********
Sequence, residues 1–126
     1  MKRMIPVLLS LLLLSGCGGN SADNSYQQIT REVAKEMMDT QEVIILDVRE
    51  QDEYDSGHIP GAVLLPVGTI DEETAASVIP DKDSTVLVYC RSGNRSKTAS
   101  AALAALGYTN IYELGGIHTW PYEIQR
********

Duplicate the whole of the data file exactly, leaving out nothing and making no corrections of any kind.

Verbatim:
Sequence, residues 1–126
     1  MKRMIPVLLS LLLLSGCGGN SADNSYQQIT REVAKEMMDT QEVIILDVRE
    51  QDEYDSGHIP GAVLLPVGTI DEETAASVIP DKDSTVLVYC RSGNRSKTAS
   101  AALAALGYTN IYELGGIHTW PYEIQR